Season 4 had the Frozen characters in a half season drive-by. The actual main characters from the movie were HORRIBLY done. The villain they had as the “alt” Snow Queen was rather interesting, but… I could forgive you for stopping there. The other half with the romance with Regina was interesting, but… I don’t know if it held up well.

        If you haven’t given up on it yet by the end of season 4, you’re at a point of no return, because the first half of season 5 is where I finally rage quitted. The first half was, as I said, rather interesting, because this is where they finally stripped Rumple of his power and finally did something fresh and original… until it ended by destroying the freshness and giving us the terrible side plot of Hook killing his father, as described above. And that’s the point where I just couldn’t continue. I’ve never been more immediately decisive about “yeah, I can’t go on. I’m done” with a show more than that episode. I’ve pretty much got that mid season finale and the series ending of “How I Met Your Mother” as the two most upsetting episodes of television I’ve ever watched in my life. And not in an “upsetting because something bad happened, but it was still a good story” way, but in an “upsetting because they did this horribly, I wish I’d never seen this, and I just can’t go on” way.

        I don’t get to that mental place easy. I’m slightly less forgiving of stuff I watch than you are, and sometimes I’ll stop because something bores me, but I don’t often stop because it *upsets* me. I’ve only ever quit on watching a movie in actual anger once in my life. To be precise: “Step Brothers.” I got about halfway through and went, “I hate every single character in this movie” and stopped watching. I’m just… not a fan of “stupid” comedy. On a similar note, I’ve got “Dumb and Dumber” firmly ensconced next to “Twilight” on my list of “maybe I would watch it for rapturous love, life altering amounts of money, or at gunpoint, but not because I ever truly want to” movies. I’m a very stubborn soul about wanting to finish what I start. Usually if I don’t think I’ll like something, I just don’t try it to begin with. So it’s very, very rare for me to actually start something and then simply refuse to go on. In all honesty, I’m not sure OUAT isn’t alone on that list. (thinking) There’s probably a sci fi show I didn’t finish that way in the 90s somewhere.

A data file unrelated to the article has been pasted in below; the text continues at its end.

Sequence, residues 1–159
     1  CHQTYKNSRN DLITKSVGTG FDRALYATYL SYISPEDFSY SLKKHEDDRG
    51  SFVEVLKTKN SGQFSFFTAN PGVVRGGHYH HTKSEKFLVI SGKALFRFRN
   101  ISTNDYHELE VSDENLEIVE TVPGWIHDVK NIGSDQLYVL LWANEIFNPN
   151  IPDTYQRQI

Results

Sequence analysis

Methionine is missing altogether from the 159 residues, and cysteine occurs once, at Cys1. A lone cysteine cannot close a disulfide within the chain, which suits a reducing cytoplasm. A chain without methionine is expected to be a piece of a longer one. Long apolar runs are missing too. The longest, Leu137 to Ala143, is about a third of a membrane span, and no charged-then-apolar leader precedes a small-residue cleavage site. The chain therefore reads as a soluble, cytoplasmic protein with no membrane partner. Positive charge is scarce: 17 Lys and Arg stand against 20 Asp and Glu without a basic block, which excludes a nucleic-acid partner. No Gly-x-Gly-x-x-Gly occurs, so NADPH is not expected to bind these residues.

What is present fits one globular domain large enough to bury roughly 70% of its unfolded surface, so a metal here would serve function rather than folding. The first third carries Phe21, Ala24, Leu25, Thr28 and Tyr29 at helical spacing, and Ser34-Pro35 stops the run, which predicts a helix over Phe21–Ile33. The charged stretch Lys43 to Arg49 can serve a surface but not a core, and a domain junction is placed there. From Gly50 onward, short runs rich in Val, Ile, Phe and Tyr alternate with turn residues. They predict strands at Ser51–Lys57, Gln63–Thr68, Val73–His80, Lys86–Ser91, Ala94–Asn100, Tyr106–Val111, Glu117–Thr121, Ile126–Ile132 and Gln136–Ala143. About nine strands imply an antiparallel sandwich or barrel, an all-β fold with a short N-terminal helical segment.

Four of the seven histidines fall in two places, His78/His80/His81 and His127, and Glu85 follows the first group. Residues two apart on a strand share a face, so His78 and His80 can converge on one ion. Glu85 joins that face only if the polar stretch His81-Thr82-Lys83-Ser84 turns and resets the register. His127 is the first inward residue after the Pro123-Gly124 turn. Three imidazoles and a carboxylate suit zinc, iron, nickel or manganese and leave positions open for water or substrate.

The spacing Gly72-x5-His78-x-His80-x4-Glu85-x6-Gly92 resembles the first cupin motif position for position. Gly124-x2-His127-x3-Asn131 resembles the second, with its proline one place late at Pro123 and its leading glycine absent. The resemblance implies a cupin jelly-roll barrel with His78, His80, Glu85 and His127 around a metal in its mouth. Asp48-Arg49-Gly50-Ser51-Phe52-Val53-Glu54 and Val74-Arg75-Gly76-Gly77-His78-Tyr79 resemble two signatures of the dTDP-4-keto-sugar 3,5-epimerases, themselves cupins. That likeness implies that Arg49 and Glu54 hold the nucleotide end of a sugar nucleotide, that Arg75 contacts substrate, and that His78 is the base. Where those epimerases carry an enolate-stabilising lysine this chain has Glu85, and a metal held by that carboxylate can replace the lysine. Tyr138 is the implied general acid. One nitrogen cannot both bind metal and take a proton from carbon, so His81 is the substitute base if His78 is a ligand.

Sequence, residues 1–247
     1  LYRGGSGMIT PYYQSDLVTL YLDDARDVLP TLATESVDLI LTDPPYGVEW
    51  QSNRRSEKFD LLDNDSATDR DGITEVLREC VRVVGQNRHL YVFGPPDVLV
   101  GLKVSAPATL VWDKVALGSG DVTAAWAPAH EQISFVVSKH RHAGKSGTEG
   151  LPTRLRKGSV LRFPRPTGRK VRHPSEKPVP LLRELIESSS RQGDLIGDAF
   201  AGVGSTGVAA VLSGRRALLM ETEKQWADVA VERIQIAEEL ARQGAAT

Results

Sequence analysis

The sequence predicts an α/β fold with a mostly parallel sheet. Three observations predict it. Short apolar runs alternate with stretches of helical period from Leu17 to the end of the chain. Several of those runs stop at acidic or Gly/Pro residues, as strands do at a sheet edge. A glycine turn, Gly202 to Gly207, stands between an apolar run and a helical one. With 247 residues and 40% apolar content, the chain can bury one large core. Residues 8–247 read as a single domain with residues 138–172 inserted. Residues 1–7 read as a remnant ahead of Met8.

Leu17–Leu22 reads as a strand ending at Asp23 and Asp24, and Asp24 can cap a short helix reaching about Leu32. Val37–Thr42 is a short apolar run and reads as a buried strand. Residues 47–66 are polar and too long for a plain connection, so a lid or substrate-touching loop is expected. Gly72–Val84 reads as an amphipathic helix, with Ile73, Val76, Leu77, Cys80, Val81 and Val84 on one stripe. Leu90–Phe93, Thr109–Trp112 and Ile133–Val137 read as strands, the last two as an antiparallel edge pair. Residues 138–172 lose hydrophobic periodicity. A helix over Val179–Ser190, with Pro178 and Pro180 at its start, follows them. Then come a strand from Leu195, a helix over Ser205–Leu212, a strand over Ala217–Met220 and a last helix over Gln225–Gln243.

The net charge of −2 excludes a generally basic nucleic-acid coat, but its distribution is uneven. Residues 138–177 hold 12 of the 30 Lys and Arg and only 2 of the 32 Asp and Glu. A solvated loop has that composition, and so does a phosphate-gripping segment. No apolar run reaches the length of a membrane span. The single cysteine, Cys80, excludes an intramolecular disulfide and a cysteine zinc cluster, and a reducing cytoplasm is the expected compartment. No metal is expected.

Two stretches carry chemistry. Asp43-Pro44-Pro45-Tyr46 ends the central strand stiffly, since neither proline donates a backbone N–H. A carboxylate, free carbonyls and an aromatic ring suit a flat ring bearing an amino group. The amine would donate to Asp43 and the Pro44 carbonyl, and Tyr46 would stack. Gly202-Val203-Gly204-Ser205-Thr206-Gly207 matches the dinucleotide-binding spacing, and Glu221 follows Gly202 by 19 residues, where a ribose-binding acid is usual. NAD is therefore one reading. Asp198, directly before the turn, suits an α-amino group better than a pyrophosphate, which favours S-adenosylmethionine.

So yeah. If you wanna watch it, you’ll probably be entertained for at least a season or two. I might even go back and watch OUAT-in-Wonderland because it was short and I did like what I saw. But the main OUAT definitely starts to turn into a slow motion train wreck no later than about season 3, and while I had just enough interest to keep going, somewhere in there it just became too much.

        So… use your own judgment. It starts good. But it gets really bad.

        Liked by 1 person